KOUROU, French Guiana — Europe’s Vega small-satellite launcher, whose inaugural flight is scheduled for mid-February, will be sold commercially for about 32 million euros ($42 million) per launch — a price that can compete with converted Russian ballistic missiles, Vega officials said Jan. 23.
In briefings at Europe’s Guiana Space Center spaceport here on the northeast coast of South America, where Vega is nearing the end of nine years of development, program managers said the rocket’s competitive position is even better than it was at the start of development.
“Our belief is that we can charge up to 20 percent more per launch than our biggest competitors and still win business because of the value we provide at the space center here and with,” said Francesco De Pasquale, managing director of ELV SpA, the Italian company that is Vega’s prime contractor.
“What we are saying is that we can now deliver the vehicle for 25 million euros to Arianespace,” De Pasquale said in an interview on the eve of Vega’s final tests before flight approval.
“Arianespace’s marketing and service costs will add about 7 million to that figure, which gets us to 32 million euros. This is assuming that we launch only two Vega flights per year. If we can increase the flight rate to four per year — and we believe the market demand will be there — then our price per vehicle can drop to 22 million euros. We assume a corresponding price drop from Arianespace,” De Pasquale said.
Avio’s space division in Colleferro, Italy, owns 70 percent of ELV. The Italian Space Agency owns the remaining 30 percent.
Vega was first proposed to the European Space Agency () in the late 1990s but development did not begin until early 2003. The vehicle is designed to carry a 1,500-kilogram satellite into a 700-kilometer orbit, a performance that gives it a ready-made market in Europe for launching Earth observation satellites.
Vega faced initial opposition within ESA and was approved only after the Vega industrial team offered specific commercial price targets.
In Vega’s early development years, the entry into the market of Russian and Ukrainian converted ballistic missiles caused Vega backers to worry that the original commercial price point of 21 million euros per launch would not be low enough.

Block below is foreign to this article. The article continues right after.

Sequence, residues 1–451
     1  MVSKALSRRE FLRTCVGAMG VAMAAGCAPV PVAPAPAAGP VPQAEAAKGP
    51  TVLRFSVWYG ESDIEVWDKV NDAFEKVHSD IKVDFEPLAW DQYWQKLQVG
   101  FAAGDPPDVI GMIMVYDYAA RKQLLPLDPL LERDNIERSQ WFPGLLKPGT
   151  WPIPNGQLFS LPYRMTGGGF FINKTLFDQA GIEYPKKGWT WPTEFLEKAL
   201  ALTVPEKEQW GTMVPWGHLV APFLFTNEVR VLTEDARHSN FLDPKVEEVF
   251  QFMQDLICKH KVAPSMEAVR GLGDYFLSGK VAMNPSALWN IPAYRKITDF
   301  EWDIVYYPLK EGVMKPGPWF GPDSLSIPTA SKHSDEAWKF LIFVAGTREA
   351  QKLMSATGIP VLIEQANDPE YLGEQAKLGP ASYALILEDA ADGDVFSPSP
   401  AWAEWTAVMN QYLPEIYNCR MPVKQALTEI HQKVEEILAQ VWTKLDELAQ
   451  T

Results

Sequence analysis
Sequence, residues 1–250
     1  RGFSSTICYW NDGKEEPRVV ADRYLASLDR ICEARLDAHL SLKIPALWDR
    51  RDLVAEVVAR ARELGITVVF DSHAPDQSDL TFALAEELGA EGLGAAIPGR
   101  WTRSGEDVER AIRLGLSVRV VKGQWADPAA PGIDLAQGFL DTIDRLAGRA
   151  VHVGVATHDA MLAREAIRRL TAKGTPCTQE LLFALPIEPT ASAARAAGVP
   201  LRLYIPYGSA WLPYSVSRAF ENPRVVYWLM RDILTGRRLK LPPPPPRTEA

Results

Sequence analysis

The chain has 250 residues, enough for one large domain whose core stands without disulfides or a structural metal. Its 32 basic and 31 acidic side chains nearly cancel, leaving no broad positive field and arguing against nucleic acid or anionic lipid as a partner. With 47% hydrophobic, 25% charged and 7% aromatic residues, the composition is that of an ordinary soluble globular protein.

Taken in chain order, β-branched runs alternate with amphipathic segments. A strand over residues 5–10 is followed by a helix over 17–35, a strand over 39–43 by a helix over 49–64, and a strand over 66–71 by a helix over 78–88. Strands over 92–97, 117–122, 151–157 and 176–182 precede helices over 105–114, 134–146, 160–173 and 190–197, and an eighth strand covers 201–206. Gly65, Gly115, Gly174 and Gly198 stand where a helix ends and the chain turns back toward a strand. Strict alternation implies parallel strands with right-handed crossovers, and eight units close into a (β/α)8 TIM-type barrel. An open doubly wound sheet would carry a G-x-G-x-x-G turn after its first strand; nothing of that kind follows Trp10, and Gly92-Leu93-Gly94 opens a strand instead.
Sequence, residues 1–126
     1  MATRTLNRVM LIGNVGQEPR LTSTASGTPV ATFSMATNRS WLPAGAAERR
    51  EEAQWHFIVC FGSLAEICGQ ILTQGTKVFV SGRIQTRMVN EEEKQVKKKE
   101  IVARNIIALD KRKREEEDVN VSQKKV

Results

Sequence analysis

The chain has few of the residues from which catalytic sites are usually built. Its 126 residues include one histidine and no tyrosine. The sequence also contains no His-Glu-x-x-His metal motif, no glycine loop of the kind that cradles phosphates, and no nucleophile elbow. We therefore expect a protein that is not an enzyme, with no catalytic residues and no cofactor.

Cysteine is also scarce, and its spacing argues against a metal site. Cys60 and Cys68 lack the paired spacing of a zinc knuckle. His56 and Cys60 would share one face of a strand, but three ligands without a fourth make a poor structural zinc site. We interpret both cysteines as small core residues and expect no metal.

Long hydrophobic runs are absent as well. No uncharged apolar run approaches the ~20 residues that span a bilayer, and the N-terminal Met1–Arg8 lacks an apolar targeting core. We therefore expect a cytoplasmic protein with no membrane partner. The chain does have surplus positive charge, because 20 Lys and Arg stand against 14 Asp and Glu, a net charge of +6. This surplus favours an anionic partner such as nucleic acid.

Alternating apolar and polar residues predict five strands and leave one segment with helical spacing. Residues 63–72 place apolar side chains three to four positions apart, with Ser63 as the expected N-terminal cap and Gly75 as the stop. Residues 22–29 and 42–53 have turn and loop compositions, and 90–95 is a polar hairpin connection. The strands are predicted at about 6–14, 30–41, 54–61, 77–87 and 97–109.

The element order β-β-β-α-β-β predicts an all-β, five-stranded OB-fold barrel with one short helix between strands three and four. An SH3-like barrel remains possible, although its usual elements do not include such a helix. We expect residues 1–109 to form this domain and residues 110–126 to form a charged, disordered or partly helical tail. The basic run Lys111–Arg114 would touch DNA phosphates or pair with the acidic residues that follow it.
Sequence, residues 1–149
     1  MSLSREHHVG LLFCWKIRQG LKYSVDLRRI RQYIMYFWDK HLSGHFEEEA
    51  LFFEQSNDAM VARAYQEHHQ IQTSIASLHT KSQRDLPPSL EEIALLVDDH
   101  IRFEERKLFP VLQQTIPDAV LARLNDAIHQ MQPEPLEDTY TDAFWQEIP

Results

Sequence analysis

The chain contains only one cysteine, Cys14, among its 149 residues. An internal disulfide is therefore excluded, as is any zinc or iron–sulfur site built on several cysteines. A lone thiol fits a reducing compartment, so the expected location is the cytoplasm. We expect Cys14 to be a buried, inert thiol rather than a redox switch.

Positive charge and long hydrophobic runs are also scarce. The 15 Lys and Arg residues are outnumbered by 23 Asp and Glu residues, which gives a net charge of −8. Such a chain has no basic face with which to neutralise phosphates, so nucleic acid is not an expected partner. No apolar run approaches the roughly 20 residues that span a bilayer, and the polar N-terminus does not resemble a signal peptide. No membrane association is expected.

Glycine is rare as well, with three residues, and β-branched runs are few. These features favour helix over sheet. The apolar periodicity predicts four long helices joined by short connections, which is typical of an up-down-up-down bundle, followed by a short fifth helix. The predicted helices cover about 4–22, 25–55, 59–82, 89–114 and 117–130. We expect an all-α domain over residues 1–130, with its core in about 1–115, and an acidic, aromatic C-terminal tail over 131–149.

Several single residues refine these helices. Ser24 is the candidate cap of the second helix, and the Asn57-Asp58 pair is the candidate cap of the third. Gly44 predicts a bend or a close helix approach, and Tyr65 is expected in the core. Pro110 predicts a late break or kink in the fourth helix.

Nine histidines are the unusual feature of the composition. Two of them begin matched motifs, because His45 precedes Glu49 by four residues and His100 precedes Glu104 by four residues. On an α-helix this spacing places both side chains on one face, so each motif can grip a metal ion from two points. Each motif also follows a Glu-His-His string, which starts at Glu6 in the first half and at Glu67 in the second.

These concerns were heightened when the Russian Rockot vehicle entered the market as part of a Russian-German collaboration. The Germany connection, as a major shareholder in the Eurockot Launch Services GmbH company of Bremen, Germany, gave Rockot access to the ESA market.
The Russian-Ukrainian Dnepr vehicle, while not having a European market entry ticket, nonetheless attracted European and other government customers with prices that, as recently as several years ago, were considered unmatchable by Vega.
A wave of inflation in Russia has driven up the prices of both rockets “radically” in recent years, according to Antonio Fabrizi, head of the launcher division for the 19-nation ESA. Fabrizi said a recent ESA decision to assign Vega the launch of two European Sentinel Earth observation satellites was made only after a competition with Rockot. “We believe in competition in the sector,” Fabrizi said.
Other vehicles that at one point might have competed directly with Vega have been sidelined by their owners, or hampered by development issues or launch delays.
A Ukrainian-Brazilian project to launch Ukraine’s Cyclone rocket from Brazil’s Alcantara launch base has seen multiple delays, with a first launch now planned for sometime in 2013. It is not clear how quickly the vehicle will be available commercially.
Space Exploration Technologies () of Hawthorne, Calif., has set aside development of its Falcon 1 rocket while it concentrates on qualifying the larger Falcon 9.
India’s PLSV vehicle has a full manifest with Indian government launches and also has lingering issues with the U.S. technology export regulations, known as ITAR — International Traffic in Arms Regulations — that have made it difficult for owners of satellites with U.S. parts to use the rocket. Even stricter U.S. satellite export prohibitions have limited the Chinese Long March rocket’s market access.
Assuming Vega’s inaugural flight occurs on schedule and is successful, the rocket has five more ESA-funded launches scheduled. It is during this period that ELV and the other Vega contractors are supposed to hone their practices so that, by 2015, they are able to meet the 32-million-euro launch price and still make a profit.